TOMRA
One of the TOMRA XRT sorting machines installed at Lucara's Karowe mine in Botswana

Sensor-based solutions specialist TOMRA Sorting Solutions is officially launching the latest upgrade in its ore sorting equipment range – the TOMRA COM XRT 2.0.

It features higher belt speed and design capacity, as well as a heavy duty mining design and better accessibility for maintenance work.

This article first appeared in Mining Review Africa Issue 11 2018

According to TOMRA Sorting mining product manager Ines Hartwig, the improvements in the new model are based on the successful track record of the TOMRA COM Tertiary XRT sorters on multiple sites across six continents.

“Over recent years, our sorters have notched up more than half a million operating hours under harsh conditions ranging from arid deserts to arctic environments, with both wet and dry feed,” says Hartwig.

“The TOMRA COM XRT 2.0 is our flagship machine that will deliver significantly increased productivity to the resources sector.”

Christopher Robben (PhD.), business development manager at TOMRA Sorting Mining

“Separation performance is central to the value added by these machines,” TOMRA Sorting mining business development manager, PhD. Christopher Robben continues.

“The higher the separation efficiency, combined with more tonnage and improved uptime, the more value is added to the customer’s mining and processing operation.

"The higher capacity means fewer sorters will be needed to do the job, reducing the amount of auxiliary equipment required to charge and discharge; ultimately resulting in a smaller overall footprint with less steel work.

"Efficient and high-volume separation is therefore a lever to reduce the total capital and operational expenditure of a sorting plant.”

Key features of the upgraded design include increased wear resistance and component lifetime, with improved mean time between failure.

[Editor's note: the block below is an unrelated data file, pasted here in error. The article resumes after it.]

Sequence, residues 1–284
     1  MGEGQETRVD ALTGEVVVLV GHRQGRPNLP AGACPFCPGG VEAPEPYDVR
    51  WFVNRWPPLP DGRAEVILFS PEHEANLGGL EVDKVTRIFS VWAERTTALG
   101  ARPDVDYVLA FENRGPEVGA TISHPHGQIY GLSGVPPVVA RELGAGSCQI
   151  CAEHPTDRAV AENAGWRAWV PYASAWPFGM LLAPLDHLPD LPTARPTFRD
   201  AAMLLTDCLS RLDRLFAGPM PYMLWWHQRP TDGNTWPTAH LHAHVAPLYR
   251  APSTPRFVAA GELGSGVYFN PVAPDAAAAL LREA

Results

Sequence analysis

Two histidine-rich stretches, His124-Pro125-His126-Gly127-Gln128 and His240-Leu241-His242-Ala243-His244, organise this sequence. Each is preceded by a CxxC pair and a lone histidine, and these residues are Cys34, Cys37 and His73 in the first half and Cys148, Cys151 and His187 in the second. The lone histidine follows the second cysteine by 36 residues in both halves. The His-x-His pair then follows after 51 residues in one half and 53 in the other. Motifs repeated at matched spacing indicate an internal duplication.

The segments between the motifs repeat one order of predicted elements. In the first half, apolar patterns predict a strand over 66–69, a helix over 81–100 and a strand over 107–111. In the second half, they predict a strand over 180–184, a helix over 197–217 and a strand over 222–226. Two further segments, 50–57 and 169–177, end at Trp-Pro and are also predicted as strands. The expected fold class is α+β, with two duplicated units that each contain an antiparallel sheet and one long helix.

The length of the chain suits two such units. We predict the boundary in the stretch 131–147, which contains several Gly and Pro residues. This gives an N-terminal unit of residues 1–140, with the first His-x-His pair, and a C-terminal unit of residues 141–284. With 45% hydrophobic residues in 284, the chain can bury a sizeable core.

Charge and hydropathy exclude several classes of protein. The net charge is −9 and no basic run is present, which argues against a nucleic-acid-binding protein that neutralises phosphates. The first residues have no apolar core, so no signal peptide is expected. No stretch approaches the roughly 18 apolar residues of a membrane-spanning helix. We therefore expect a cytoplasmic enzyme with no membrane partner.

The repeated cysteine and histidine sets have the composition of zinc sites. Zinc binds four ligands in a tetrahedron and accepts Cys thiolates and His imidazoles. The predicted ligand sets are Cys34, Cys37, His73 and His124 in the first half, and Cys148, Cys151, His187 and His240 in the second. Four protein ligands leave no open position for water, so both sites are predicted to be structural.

The mechanical platform of the TOMRA COM XRT 2.0 was also redesigned for safer, simpler, quicker and more ergonomic maintenance, by providing easier access to all relevant components.

“The separation chamber, in-feed chute, belt and air system components are all easy and quick to access, making the maintenance stops more efficient and giving the unit high availability,” Hartwig says.

“Modular wear components also enable safe and ergonomic manual exchange in the shortest possible time.”

She highlights the increased speed of the belt from 2.7 to 3.5 m/sec, as well as the more powerful X-Ray system which allows sorting of particle sizes due to better X‑Ray penetration.

With higher levels of belt occupancy, facilitated by improved data processing, the particle size of the feed can also be increased, thereby raising the machine’s capacity and creating a new industry benchmark.

Depending on the material, the TOMRA COM XRT 2.0 can accommodate up to double the maximum size of the previous TOMRA model – from 60 mm - 80 mm on the COM Tertiary XRT to between 100 mm and 125 mm on the latest upgrade.

This improvement translates directly into increased capacity at a ratio of 1:1.

“The result is a small plant footprint and low capital costs for mineral treatment projects, which translates into the lowest specific operating costs per tonne,” says Hartwig.

“The higher capacity makes the TOMRA COM XRT 2.0 a particularly valuable proposition for larger mines, as it significantly cuts down the number of machines required. This economises on both capital and operating costs.”

The ejection system is highly selective, using data processing in combination with highly responsive pneumatic-valve ejectors.

The TOMRA COM XRT 2.0 sorter features higher belt speed and throughput, as well as a heavy duty mining design and better accessibility for maintenance work

Developed in-house, TOMRA’s proprietary data processing pipeline, from sensor through image processing to the valve control boards, has several special features and filter mechanisms which allow precise control of the valves.

The system’s energy efficient design means that it requires only about half of the energy for compressed air when compared to conventional sensor-based ore sorting systems.

Data on the separation efficiency also shows a low misplacement of waste-to-ore or ore-to-waste.

Hartwig emphasises the collective experience behind the development of TOMRA’s technology, including the vital feedback received from partners and customers throughout its installed product base.